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France « bookmarkzero

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Posts Tagged ‘France’

Sunday, November 2, 2014 @ 08:11 PM  posted by sysadmin

The Marais: delicious chocolate from artisan shops that have been open continuously for hundreds of years!

The French Art of Revenge by Mark Zero

Sunday, November 2, 2014 @ 06:11 PM  posted by sysadmin

The main character of The French Art of Revenge is an American war photographer named Luke who lives in the Marais district of Paris. His apartment is typical of apartments in the Marais: an anonymous, security-coded door on the street, a charming 16th century courtyard, and wooden stairs up to a tiny apartment with a courtyard view.

The French Art of Revenge by Mark Zero

Bedtime Stories for Adults

Sunday, October 30, 2011 @ 08:10 PM  posted by Mark

This video is from a nightly television series called Voyage au Bout de la Nuit (Journey to the End of the Night), in which beautiful women and handsome men read classics of French literature as bedtime stories for insomniacs. This episode features actress Louise Pasteau reading from a collection of love letters exchanged by playwright Beaumarchais (Barber of Seville, Marriage of Figaro) and the love of his life, Amélie Houret de La Morinaie, in the late 18th century.

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No Money, Please, We’re a Bank

Saturday, October 29, 2011 @ 02:10 AM  posted by Mark

After passing through a gauntlet of sliding glass bulletproof security doors, code-locked elevators, and skeptical personnel at Crédit Agricole yesterday, I had a lovely meeting with a woman I’ll call Manon, to establish a French bank account. Manon’s rather plain, bare office came as a surprise, considering the formidable infrastructure guarding it. In fact, all of the offices on her floor sported drab indoor/outdoor gray carpeting, with a kind of low-rent Swedish aesthetic and no prints or paintings on the walls. It could have been the corporate headquarters of a paper clip manufacturing concern. Even more surprising, there were no vaults, locked filing cabinets or safe deposit boxes in sight, nothing at all of apparent value to warrant the Get Smart security. I asked Manon about it.

“It’s not all that secure.” She shrugged. “You just have to know which buttons to press and which codes to enter.”

I filled out five different sets of forms, each about half an inch thick. Most of them were more or less identical but contained overlapping rather than exactly duplicated information. Each packet wanted such basic pieces of information as my name, place of birth, residence and income with slightly different proofs (IRS 1040, bank statements, utility bills, passport, etc.). One set was for Crédit Agricole, one for the Bank of France, one for the European Central Bank, one for the French Ministry of Economy, Industry and Employment, and one for a guy named Guillaume, who waited outside the office for it and then ran down to the street, where I saw him race away on a black Vespa. I think he was taking the application to Sarkozy. Finally, after all the forms had been signed, I signed another form stating that I had signed all the other ones.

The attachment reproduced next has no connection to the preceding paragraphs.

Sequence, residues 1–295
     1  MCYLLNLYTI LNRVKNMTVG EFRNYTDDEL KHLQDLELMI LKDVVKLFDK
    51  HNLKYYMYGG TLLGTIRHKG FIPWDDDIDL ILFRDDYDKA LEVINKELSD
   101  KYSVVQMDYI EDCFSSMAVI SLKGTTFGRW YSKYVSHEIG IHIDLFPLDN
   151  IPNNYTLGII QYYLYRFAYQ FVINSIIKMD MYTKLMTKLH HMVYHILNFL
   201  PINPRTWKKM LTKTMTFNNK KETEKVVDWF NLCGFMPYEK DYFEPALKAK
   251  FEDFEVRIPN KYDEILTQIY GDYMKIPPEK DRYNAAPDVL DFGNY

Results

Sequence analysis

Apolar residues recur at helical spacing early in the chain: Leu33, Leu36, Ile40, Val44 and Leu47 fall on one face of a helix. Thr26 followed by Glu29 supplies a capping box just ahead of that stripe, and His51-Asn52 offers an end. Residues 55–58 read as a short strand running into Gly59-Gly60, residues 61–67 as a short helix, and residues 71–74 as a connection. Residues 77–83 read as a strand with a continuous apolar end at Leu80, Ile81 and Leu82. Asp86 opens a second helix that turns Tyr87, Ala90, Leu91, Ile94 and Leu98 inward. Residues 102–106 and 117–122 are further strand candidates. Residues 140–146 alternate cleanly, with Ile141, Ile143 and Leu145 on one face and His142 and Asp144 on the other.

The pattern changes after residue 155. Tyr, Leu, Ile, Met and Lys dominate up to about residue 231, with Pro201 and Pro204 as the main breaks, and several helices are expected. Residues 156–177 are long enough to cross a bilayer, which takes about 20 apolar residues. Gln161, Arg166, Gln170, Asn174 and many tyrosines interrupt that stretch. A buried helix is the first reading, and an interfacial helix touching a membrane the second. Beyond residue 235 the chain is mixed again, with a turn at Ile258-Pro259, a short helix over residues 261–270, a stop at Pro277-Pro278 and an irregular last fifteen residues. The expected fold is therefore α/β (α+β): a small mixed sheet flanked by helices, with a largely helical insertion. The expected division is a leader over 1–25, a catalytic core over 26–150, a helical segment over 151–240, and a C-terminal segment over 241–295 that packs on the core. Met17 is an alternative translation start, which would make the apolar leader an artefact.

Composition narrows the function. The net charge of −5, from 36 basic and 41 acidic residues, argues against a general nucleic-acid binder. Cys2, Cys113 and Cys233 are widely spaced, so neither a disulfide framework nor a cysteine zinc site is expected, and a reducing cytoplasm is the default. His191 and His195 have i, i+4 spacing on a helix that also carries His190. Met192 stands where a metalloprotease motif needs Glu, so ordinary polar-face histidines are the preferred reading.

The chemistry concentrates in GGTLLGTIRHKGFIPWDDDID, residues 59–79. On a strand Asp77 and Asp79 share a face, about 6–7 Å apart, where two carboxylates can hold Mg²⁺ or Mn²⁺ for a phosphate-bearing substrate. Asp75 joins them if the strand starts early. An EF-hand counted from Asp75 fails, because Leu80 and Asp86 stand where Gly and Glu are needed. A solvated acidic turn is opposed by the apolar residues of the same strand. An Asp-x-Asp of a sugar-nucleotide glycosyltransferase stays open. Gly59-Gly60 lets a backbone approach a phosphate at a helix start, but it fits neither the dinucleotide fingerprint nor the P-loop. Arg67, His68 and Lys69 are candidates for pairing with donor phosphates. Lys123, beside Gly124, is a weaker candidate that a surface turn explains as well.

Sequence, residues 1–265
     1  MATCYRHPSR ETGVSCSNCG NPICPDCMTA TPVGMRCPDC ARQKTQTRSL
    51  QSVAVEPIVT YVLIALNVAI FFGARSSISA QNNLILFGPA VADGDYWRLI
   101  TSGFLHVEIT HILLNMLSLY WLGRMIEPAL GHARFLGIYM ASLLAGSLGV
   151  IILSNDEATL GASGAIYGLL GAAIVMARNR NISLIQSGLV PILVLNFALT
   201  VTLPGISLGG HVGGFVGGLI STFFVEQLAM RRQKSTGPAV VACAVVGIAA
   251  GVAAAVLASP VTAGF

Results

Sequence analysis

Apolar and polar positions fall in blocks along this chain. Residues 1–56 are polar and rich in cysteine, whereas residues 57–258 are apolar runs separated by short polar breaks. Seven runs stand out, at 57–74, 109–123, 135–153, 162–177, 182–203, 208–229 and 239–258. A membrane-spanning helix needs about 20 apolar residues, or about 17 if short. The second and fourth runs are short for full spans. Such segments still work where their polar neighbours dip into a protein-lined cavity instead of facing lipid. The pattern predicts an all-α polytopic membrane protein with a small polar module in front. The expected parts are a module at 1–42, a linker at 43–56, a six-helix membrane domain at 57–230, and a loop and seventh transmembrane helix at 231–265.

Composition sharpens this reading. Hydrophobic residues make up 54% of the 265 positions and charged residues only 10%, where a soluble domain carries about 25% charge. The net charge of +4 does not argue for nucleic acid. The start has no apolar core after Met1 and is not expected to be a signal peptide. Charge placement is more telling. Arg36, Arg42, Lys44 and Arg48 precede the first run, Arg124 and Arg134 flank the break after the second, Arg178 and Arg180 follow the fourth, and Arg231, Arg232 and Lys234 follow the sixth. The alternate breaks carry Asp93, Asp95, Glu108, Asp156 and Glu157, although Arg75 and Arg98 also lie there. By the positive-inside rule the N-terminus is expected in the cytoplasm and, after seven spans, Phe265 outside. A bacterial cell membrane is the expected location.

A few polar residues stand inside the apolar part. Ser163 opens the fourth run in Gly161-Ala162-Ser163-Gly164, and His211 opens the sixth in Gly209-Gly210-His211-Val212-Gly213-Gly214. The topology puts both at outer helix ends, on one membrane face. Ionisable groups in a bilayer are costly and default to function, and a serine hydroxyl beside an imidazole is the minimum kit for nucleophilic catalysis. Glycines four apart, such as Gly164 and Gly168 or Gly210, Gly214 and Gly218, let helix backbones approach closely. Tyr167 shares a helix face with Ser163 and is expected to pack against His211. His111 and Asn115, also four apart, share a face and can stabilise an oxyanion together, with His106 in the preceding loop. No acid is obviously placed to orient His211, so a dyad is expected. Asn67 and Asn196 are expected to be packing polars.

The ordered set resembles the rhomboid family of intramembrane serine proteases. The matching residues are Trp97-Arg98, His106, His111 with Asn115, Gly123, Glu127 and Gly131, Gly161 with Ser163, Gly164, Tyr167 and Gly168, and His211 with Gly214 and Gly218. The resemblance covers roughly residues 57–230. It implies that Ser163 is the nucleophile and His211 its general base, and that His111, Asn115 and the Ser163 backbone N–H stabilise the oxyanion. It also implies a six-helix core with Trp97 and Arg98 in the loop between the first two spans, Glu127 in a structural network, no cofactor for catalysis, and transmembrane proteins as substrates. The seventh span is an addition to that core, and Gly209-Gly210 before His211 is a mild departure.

“Why don’t I have to sign another form stating that I signed the form stating that I signed all the other forms?”

Manon thought about it. “You know, I should suggest that to the people upstairs.” She jotted a note to herself.

Finally, I produced the few hundred euros in cash I had brought to open the account, as a stopgap until I had the appropriate routing numbers to make a wire transfer from the States.

“Oh, no, I’m sorry, Monsieur,” Manon said. “We don’t handle money. You’ll have to go to a different branch.”

“Why all the security, then, if there’s no money in this building?”

“Well, we’re a bank!”

I followed her back through the locked and coded sliding glass door in front of the elevators, the security coded elevator door itself, the locked and coded turnstile, the security guard at the front gate, and the locked and coded secondary entrance, before finally opening the main door and emerging on the street, holding exactly as much cash as I’d had when I’d arrived. Why did I need a bank account again?

Oh, yeah, because the ticket vending machine at the Goncourt metro station wouldn’t accept either my euro coins or my American visa card, and I had to jump the turnstile. Now I have a French visa card, so I can buy such everyday items as metro tickets wherever I go; all that’s left is to find a bank branch that will accept my money.